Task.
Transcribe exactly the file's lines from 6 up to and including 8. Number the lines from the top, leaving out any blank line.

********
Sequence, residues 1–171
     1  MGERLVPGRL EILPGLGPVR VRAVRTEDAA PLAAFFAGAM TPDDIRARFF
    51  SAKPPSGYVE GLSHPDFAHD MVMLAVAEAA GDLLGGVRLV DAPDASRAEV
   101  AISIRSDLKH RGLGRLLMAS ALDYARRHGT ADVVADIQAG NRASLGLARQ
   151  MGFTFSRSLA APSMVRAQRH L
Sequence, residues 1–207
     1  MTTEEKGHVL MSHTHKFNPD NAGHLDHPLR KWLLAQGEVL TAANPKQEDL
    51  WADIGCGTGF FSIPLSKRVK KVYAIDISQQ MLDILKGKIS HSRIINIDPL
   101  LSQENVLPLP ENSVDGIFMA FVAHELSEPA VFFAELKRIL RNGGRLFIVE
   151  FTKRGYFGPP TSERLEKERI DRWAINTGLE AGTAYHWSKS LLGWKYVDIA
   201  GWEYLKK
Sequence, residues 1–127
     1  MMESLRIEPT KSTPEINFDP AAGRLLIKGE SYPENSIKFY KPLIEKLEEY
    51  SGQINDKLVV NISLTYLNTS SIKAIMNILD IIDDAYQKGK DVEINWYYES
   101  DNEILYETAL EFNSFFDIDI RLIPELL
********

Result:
Sequence, residues 1–207
     1  MTTEEKGHVL MSHTHKFNPD NAGHLDHPLR KWLLAQGEVL TAANPKQEDL
    51  WADIGCGTGF FSIPLSKRVK KVYAIDISQQ MLDILKGKIS HSRIINIDPL